Wealth Management: Instant Insights – The Asian Century
William Haggard, Erdinç Benli, Victor Balfour, Wealth Management
Idea in brief: The Asian Century
A demographic titan
With 4.6 billion inhabitants, Asia accounts for nearly two-thirds of the global population.
A majority of the world’s largest cities are in Asia2. By 2030, Asia will be home to more than half the world’s middle class3 and China is leading the global economic recovery from the pandemic.
Within the Asian continent, Emerging Asia accounts for less than a quarter of the global economy today and its investable equity markets (MSCI) still account for less than a tenth of global equity markets3.
2World Population Review, 2020
3Market Cap, MSCI, Bloomberg data
Long-term growth prospects
Within the world's largest and most dynamic continent, Emerging Asia includes many of Asia's fastest-growing and largest economies. These are China, India, Indonesia, Malaysia, the Philippines, Thailand and Vietnam4.
Today this region accounts for a quarter of the global economy, and a far smaller proportion of total investable equity markets (Figure 1).
Yet with most of the world's population living in the Asian region and its economies both diversified and sophisticated, the global economy and its capital markets will continue to gravitate towards Asia over this century.
4Emerging Asia IMF definition
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Unlike other emerging markets, Emerging Asia's economies have developed broad consumer and capital goods sectors. This means they are less reliant on commodity exports and less exposed to commodity price fluctuations vis-à-vis other emerging markets. From China's developed eCommerce market to a world-class Indian software sector and Taiwan's diversified manufacturing base, Emerging Asia's economies are pluralistic by nature.
Ongoing reforms have improved efficiency
Heavyweight economies such as India and China have made progress in liberalising their economies and capital markets in recent years. For example, mutual market access schemes such as China’s Stock Connect (2014) and Bond Connect (2017) initiatives have opened up Chinese capital markets to foreign investors and added over 1,400 companies to China’s investable universe. More recently in 2019, China doubled the size of its Shanghai Free-Trade Zone in a drive to open markets, and in 2020 China signed together with 14 nations the Regional Comprehensive Economic Partnership (RCEP), a trade deal covering roughly 30% of the world’s population and global output (see Figure 2). Such initiatives are increasing transparency and broadening access to Emerging Asia’s capital markets.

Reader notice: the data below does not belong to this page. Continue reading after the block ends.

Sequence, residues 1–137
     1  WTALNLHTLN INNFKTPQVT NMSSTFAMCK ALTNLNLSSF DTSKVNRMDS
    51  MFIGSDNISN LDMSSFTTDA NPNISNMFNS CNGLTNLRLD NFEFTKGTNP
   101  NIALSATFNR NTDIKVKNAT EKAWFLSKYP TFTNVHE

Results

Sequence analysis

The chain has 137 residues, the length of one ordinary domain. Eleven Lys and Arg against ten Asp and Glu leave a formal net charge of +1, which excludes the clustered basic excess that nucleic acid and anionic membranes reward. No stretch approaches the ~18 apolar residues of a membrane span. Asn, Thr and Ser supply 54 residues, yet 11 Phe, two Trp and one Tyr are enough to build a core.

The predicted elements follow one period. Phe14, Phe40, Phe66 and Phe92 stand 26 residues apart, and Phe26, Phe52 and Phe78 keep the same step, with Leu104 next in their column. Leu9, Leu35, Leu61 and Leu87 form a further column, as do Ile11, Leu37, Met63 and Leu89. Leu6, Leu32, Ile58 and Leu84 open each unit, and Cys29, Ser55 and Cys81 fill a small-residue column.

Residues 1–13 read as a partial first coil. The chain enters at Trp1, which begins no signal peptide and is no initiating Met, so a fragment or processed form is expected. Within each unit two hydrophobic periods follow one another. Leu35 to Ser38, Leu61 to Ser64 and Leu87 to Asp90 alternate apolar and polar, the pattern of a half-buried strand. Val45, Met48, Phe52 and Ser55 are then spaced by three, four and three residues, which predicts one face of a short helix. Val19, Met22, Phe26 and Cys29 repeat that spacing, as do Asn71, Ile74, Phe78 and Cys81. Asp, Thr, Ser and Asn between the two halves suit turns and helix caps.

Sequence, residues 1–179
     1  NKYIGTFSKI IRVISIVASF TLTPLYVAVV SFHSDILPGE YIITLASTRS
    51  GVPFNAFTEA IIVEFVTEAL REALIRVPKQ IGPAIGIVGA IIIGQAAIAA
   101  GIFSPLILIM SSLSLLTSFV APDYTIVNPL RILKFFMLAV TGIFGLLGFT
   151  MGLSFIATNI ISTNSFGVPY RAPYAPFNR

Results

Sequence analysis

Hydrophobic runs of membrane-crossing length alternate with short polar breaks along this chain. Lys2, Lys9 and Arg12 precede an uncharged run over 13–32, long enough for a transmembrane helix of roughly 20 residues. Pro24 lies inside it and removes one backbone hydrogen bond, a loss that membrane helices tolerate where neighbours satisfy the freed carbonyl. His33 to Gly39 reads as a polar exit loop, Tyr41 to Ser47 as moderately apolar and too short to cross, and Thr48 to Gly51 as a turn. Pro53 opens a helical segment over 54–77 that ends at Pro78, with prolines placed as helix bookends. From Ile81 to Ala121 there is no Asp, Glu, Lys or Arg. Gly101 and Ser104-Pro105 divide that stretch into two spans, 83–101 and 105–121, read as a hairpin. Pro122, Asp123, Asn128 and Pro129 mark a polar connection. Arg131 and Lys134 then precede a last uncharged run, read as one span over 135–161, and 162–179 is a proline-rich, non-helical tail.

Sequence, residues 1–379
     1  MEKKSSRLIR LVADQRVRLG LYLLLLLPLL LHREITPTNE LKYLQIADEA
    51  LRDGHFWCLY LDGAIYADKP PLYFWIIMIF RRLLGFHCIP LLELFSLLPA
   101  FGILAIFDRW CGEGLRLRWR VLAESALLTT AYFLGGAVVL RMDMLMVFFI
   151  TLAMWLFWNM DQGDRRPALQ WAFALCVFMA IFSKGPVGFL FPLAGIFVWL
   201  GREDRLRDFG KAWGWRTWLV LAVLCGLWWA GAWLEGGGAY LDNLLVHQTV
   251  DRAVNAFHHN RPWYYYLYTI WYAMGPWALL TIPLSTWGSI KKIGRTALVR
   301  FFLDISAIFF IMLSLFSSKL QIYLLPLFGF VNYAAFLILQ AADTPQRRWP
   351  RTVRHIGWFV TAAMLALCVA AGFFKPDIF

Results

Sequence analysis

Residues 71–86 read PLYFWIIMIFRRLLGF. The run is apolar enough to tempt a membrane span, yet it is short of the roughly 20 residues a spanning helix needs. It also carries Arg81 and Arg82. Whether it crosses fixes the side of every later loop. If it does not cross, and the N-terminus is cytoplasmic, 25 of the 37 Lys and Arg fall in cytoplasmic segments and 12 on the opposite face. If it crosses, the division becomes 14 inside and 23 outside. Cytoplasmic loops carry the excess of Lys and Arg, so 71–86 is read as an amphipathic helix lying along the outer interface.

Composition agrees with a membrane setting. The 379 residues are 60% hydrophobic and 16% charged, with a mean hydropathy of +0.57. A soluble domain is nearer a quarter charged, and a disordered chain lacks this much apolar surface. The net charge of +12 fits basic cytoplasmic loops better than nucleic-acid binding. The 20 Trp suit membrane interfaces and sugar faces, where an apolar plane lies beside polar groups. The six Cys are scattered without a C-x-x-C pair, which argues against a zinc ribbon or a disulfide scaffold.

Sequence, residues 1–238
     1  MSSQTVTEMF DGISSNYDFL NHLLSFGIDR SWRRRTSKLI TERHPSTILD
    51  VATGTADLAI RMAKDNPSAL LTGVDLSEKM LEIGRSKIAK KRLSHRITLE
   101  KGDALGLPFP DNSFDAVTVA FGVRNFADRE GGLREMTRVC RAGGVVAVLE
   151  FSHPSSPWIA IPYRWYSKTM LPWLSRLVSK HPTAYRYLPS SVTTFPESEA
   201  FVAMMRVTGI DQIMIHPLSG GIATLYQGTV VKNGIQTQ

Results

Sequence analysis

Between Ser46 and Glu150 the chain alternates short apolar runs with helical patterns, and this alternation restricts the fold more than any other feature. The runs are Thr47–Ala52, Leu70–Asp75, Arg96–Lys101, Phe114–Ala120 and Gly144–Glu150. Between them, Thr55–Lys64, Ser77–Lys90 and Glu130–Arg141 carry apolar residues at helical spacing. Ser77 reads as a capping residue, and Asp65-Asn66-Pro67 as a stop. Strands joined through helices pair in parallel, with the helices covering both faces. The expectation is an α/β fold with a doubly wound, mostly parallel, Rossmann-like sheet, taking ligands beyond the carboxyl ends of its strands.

Corporate governance across the region has also steadily improved in recent years with the emergence of shareholder activism helping to drive this change. In Southeast Asia, tangible improvements to reporting and enforcement of corporate governance standards have helped address recent concerns over corporate corruption. Meanwhile, politics in the region remains relatively stable compared with other emerging regions, facilitating foreign investor access to Emerging Asia's capital markets5.
5Global Investment Strategist, Kevin Gardiner, Rothschild & Co
Emerging Asia: Short-term risks but long-term and historic strategic opportunities
The region has been a significant beneficiary of a more global and liberalised trade policy since the 1980s. Since then, Emerging Asia has enjoyed an average annual GDP growth rate of +7.3%6.
Protectionism between the US and China remains a short-term economic risk. A Democrat Presidency is unlikely to see a full return to pre-2016 relations between the two countries. Markets nevertheless have learnt to live with trade tensions which are likely priced into local stock markets. The longer term strategic reasons for investing in the region remain intact. Emerging Asia remains on track to deliver more than three times the growth rate of developed economies in the coming years8. The region is now set to regain its status as the world’s primary economic zone, a return to the economic status quo up until the mid-19th century.
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In the last few years, lower interest rates have eased pressure on Asia’s borrowers whilst its conservative exposure to foreign-held debt has improved sovereign credit ratings. To add to this investor-friendly backdrop, the region’s income gap with the West continues to narrow and personal income and spending is growing. Most importantly for investors, it is also why equity market returns for Emerging Asia could potentially outperform global equity returns over the next 10 years as the region will remain the most dynamic part of the global economy as the world’s GDP and capital pivots there (Figure 3).
How to invest in Emerging Asia
There are a number of ways to invest in Emerging Asia to participate in the region's ongoing performance and long-term potential. Valuations of investments in local businesses are often lower than those in Western companies, but the breadth, complexity and depth of local markets call for expert advice when investing.
With our Investment & Portfolio Advisory team at Rothschild & Co Wealth Management, we can advise on the most appropriate ways of gaining exposure to Emerging Asia. We look forward to hearing from you.
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